Is the aspired distinction merely to be found in the eye of the beholder? If I like what you write, does that make you a “writer” in my eyes, but if I don’t care for it, you aren’t? Saying someone is a “good writer” or a “bad writer,” at least slaps the tag on them, but is he/she a “real” writer? If you keep a journal under the bed and scribe in it daily, are you one or not?

Okay, I’ve asked the question, now I’ll share my epiphany. By college, I was quietly writing fiction, but I took a class in poetry because my roommate talked me into it. It turned out to be the best move I could have made. Everyone brought their hearts and souls to class with their poems. And it was brutal. I learned that there was only one rule—Does it work?

Not, does it express what you really want to say? Not, does it use alliteration and rhyme correctly? Only, does it work? You can  break rules; you can follow rules; you can cry big crocodile tears onto your paper, but the only question is that one.

So, it doesn’t matter if you are published or not, have won awards or not. It doesn’t matter what you write or how often you write. It doesn’t matter. A writer wants it to work! If it doesn’t work, a writer is willing to produce it for critique, to listen to criticism, to cut, to add, to change, to ask questions, to learn, to rewrite, to stand his/her ground, to start over, to rewrite again—whatever it takes to make it work.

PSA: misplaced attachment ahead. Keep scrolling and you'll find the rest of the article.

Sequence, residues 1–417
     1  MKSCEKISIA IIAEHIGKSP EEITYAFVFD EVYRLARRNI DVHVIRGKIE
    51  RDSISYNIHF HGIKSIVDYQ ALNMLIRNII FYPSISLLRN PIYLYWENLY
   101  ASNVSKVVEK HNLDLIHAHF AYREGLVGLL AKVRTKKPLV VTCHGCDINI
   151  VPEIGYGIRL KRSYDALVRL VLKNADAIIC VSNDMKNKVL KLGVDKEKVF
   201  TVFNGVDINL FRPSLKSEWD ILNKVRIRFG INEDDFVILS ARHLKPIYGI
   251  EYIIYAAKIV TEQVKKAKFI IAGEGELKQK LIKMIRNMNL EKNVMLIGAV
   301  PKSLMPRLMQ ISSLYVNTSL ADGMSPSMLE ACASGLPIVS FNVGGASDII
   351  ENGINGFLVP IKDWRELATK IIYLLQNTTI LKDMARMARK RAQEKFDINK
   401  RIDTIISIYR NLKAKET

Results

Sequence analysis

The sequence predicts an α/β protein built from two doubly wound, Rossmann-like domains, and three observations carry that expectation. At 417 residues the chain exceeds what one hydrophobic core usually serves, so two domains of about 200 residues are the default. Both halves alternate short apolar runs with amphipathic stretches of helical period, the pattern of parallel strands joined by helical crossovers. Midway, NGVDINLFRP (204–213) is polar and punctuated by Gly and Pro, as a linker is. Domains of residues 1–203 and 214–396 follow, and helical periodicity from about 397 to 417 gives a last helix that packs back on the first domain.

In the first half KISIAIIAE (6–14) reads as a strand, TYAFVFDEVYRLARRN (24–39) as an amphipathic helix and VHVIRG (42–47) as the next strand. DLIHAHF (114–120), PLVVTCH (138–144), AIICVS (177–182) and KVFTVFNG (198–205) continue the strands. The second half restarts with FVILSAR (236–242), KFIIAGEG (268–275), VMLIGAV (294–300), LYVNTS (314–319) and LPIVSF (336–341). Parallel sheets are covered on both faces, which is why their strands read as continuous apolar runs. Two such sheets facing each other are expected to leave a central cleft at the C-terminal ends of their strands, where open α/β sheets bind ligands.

Of course, you can write without being “a writer.” And there is nothing wrong with writing for your own pleasure or self discovery or for your mother. Kudos to you and keep writing! But if you have a passion to tell a story, to paint in words, to reach people, to move people, then you understand the question—Am I a “real writer?” And if you have that passion and are willing to work to make it “work,” then, in my book, you is one!

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T.K. Thorne retired as a captain of the Birmingham Police Department and currently serves as executive director of CAP, a business improvement district in downtown Birmingham.  Both careers have provided fodder for her writing. Her fiction, poetry, and non-fiction have been published in various venues and garnered several awards, including “Book of the Year for Historical Fiction” (ForeWord Reviews 2009) for her debut novel Noah’s Wife.  A short film from her screenplay Six Blocks Wide was a finalist in a film festival in Italy and has shown at other juried festivals in the U.S. and Europe.  She has served on several community boards, including the Alabama Writer’s Conclave.  She writes on a mountain top east of Birmingham, Alabama.  To learn more about T.K. Thorne and her writings check out her website at .